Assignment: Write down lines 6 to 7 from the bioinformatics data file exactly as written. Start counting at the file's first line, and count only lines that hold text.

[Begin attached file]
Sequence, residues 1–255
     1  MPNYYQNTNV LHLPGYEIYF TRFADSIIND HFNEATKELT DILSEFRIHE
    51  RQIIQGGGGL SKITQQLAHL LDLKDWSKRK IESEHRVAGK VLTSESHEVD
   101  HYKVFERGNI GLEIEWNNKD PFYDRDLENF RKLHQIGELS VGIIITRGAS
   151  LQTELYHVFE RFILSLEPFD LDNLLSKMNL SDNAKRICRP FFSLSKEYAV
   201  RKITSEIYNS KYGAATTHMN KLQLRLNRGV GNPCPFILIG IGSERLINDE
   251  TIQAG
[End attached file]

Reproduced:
   201  RKITSEIYNS KYGAATTHMN KLQLRLNRGV GNPCPFILIG IGSERLINDE
   251  TIQAG